From School Library Journal
PreSchool-Grade 2-Sayre follows in the wake of a female loggerhead from her birth on a Florida beach to the day, many years later, when she returns to the same place to lay her own eggs. The simple text describes how the creature narrowly avoids many of the life-threatening dangers faced by maturing sea turtles in today's world. Often, caring humans assist her; for example, a young boy places mesh around a turtle nest to protect the eggs and a boater removes a plastic bag from the water before it can be mistaken for food. Eye-catching, realistic pastel paintings-most of them covering two pages-show sienna and gold sunsets and sunrises, the blue-green underwater realm, and detailed close-ups of the growing loggerhead and other sea creatures. Children will be drawn to the picture of a sea turtle surrounded by sharks on the cover, and to the catchy refrain, "Turtle, Turtle, watch out!" While books such as Brenda Guiberson's Into the Sea (Holt, 1995), Don Patton's Sea Turtles (Child's World, 1995), and Gail Gibbons's Sea Turtles (Holiday, 1995) stress the negative impact of human interference on the sea turtle's survival, Sayre also emphasizes the results of positive actions. Even libraries that already own those titles will want to add this one to their collections.Susan Scheps, Shaker Heights Public Library, OH
Copyright 2000 Reed Business Information, Inc.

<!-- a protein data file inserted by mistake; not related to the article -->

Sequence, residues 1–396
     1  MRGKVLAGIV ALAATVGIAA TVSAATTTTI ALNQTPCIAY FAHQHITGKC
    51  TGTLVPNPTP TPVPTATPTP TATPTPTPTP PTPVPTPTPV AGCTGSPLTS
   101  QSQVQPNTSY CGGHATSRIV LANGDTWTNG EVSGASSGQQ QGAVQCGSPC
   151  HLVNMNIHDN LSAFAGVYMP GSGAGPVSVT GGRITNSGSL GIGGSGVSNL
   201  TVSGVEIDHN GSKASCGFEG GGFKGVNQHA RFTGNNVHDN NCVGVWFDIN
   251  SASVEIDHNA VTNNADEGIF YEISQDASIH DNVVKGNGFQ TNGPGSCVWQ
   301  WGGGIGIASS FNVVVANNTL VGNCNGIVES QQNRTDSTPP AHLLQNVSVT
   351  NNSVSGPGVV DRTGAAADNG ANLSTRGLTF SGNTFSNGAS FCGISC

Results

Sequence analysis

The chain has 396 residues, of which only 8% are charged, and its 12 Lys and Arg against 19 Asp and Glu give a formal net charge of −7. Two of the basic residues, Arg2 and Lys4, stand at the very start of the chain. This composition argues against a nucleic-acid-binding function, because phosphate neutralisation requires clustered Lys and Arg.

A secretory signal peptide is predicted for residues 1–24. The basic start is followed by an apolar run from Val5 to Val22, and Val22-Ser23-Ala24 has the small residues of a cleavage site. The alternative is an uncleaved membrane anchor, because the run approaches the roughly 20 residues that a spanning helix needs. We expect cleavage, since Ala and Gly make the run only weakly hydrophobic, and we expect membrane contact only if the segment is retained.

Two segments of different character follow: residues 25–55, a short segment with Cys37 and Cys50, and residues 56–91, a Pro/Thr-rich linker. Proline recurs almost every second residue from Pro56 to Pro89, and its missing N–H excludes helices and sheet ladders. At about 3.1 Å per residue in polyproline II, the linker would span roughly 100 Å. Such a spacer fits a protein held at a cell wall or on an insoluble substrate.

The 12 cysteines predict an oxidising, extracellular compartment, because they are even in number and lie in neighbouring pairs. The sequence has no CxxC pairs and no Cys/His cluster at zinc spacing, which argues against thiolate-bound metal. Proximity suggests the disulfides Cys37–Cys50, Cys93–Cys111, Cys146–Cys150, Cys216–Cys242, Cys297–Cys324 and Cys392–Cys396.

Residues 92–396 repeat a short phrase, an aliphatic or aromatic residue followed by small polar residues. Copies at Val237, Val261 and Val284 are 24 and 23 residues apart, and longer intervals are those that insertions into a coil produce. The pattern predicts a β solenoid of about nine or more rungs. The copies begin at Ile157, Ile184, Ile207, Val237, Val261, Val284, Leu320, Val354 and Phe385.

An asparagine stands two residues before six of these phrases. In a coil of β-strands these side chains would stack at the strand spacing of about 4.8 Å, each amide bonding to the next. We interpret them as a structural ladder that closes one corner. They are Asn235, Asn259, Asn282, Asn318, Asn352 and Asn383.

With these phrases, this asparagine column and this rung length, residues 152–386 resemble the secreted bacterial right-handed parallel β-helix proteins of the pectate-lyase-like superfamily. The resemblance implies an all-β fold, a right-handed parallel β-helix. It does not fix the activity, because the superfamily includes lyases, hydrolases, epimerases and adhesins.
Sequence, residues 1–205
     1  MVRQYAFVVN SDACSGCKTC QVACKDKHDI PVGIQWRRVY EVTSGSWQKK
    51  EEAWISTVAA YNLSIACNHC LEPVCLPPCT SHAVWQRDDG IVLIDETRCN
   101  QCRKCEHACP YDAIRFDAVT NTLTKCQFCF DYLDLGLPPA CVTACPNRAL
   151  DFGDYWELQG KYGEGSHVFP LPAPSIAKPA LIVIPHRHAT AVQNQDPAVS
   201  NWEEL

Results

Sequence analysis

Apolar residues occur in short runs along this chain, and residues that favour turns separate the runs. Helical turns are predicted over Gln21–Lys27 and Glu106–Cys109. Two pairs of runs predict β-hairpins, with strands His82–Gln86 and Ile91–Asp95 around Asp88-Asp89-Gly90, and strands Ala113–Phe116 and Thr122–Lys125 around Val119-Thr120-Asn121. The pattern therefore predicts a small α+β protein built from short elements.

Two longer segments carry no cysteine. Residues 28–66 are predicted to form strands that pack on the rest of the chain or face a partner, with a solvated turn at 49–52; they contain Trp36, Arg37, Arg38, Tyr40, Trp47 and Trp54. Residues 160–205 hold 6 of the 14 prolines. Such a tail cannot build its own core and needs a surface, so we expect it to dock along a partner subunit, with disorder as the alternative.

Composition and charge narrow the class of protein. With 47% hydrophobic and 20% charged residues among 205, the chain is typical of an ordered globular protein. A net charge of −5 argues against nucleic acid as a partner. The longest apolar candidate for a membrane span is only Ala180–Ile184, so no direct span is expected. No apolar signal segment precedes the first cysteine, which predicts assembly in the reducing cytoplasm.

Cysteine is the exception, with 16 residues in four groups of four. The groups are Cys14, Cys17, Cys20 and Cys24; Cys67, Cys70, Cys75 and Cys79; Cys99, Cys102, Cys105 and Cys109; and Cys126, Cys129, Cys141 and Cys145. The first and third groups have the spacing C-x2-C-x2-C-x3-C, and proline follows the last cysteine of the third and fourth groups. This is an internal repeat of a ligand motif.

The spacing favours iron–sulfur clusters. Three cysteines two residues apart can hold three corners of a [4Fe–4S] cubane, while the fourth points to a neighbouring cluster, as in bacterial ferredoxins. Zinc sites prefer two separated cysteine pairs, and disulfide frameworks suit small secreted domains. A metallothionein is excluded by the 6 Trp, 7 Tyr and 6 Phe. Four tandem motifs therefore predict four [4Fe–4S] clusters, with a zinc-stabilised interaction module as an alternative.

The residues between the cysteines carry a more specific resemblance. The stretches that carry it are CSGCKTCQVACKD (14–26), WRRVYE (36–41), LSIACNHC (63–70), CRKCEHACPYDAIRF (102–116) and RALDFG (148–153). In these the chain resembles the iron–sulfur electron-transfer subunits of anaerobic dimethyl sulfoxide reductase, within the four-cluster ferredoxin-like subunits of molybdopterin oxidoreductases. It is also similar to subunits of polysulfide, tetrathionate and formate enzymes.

A mother sea turtle lays her eggs in the Florida sand, then crawls back into the water. Raccoons begin to dig up the eggs, but a boy scares them off. He then sets off a protected area for them, complete with warning signs. Months later, the eggs hatch and the baby turtles head for the ocean. The story follows one baby turtle that survives, matures, and returns one night to the same Florida beach to lay her own eggs. "And some will make it, with a little luck, and fast-moving flippers, and the help of many hands." The concluding pages note the endangered status of sea turtles and suggest ways in which people, even children, can protect them from harm. Many animal books for young children end with an appended plea for people to protect an endangered species, but none has so memorably dramatized in the book itself how people can help animals in the wild. The simple, direct text reads aloud well, drawing readers into the turtles' story without anthropomorphism. Impressive pastel illustrations, including many dramatic double-page spreads, depict with power and beauty the turtles' world of sand and shore. Carolyn PhelanCopyright © American Library Association. All rights reserved